Why does Daisy sob into the thick folds of Gatsby's beautiful shirts?

Expert Answers

An illustration of the letter 'A' in a speech bubbles

One could say Daisy Buchanan is the original "Material Girl," a woman that Gatsby describes as having a voice that "sounds like money." She is so impressed with Gatsby's custom-made English shirts that she is moved emotionally by this colorful display of his wealth:

They’re such beautiful shirts . ....

Unlock
This Answer Now

Start your 48-hour free trial to unlock this answer and thousands more. Enjoy eNotes ad-free and cancel anytime.

Start your 48-Hour Free Trial

One could say Daisy Buchanan is the original "Material Girl," a woman that Gatsby describes as having a voice that "sounds like money." She is so impressed with Gatsby's custom-made English shirts that she is moved emotionally by this colorful display of his wealth:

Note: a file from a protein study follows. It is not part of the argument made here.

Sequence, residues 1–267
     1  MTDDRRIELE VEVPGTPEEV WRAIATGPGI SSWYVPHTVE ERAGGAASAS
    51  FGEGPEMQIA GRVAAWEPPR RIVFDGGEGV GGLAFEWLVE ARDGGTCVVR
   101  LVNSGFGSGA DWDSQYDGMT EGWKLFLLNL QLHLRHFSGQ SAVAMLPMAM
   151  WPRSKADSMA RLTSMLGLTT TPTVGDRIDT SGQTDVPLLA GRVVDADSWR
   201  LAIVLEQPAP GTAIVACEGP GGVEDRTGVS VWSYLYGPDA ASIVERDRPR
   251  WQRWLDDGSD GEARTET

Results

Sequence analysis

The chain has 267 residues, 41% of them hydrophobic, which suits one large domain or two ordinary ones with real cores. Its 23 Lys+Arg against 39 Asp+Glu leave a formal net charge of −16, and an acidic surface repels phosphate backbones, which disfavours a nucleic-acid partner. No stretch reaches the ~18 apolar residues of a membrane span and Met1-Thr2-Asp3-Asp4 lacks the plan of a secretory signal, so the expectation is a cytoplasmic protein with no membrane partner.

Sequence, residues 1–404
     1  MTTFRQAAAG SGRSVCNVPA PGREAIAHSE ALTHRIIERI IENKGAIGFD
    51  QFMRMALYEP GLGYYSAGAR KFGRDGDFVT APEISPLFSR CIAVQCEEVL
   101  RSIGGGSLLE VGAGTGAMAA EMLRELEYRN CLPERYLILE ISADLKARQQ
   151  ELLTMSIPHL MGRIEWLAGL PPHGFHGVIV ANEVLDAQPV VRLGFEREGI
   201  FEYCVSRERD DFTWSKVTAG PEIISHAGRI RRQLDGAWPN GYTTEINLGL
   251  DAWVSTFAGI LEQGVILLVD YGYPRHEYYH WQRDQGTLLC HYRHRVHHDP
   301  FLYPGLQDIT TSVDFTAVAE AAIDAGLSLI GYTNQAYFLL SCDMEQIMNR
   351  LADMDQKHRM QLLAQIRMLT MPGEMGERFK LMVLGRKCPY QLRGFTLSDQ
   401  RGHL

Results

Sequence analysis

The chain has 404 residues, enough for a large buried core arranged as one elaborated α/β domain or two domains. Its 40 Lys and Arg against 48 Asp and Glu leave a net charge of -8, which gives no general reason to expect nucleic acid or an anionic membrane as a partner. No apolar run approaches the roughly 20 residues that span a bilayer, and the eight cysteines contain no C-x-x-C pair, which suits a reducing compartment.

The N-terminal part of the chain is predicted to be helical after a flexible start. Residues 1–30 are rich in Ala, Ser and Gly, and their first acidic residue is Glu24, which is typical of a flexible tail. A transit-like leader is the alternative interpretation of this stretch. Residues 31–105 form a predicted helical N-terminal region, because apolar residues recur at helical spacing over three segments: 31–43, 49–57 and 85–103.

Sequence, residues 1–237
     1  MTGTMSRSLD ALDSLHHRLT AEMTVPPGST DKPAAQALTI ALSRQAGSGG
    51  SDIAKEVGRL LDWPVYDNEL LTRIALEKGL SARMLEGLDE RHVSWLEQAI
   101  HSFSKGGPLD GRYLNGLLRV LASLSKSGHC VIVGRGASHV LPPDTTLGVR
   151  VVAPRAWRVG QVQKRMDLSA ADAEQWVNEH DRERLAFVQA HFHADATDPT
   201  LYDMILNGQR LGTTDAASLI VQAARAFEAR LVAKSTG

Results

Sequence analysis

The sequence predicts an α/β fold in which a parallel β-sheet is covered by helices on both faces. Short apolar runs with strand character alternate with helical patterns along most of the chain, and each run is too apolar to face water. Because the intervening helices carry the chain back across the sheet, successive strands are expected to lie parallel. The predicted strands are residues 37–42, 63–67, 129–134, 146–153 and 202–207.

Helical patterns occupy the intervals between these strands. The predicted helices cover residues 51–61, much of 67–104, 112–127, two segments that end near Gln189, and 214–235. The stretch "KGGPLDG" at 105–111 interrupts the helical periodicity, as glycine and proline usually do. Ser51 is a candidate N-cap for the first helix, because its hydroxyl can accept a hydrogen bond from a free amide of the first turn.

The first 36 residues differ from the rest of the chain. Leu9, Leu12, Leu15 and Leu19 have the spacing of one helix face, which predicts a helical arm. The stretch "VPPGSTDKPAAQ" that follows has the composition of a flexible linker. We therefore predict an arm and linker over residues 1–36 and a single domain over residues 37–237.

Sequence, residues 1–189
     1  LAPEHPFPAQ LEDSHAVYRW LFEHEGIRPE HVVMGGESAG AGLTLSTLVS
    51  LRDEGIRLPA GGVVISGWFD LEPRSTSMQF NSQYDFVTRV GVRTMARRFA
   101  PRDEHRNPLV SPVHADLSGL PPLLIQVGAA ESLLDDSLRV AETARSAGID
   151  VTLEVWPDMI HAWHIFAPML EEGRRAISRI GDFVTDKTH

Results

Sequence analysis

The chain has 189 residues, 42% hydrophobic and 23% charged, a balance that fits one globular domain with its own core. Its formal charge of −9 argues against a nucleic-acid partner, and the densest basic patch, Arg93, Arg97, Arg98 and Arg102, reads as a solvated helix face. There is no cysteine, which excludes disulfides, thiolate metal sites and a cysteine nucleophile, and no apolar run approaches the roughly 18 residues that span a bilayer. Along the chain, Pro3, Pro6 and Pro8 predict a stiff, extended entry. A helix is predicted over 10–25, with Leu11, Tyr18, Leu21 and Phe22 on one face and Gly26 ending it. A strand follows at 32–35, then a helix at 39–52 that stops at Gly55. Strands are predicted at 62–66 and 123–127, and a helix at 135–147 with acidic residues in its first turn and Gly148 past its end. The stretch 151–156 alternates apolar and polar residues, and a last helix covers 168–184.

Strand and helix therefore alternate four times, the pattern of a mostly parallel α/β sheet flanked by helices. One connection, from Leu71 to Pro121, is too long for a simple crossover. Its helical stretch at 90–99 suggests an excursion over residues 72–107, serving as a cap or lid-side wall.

They’re such beautiful shirts . . . It makes me sad because I’ve never seen such—such beautiful shirts before (Chapter 5).

Gatsby has shown Daisy around his palatial home with its garish rooms and Restoration salons opening to impress the woman who rejected him to marry the wealthy Tom Buchanan, a man who virtually purchased her with a pearl necklace worth a fortune. When Gatsby takes Daisy into his bedroom, Daisy sees his toilette set of pure dull gold. With delight, she picks up his brush and smooths her hair. Then, while Gatsby shows her his many English tailored and colorful shirts, Daisy sobs as he has found the way to her material heart. When she says "It makes me sad," perhaps Daisy regrets that Jay Gatsby's show of wealth has come too late because she rejected him when they were younger because he was not rich.

 

 

Approved by eNotes Editorial Team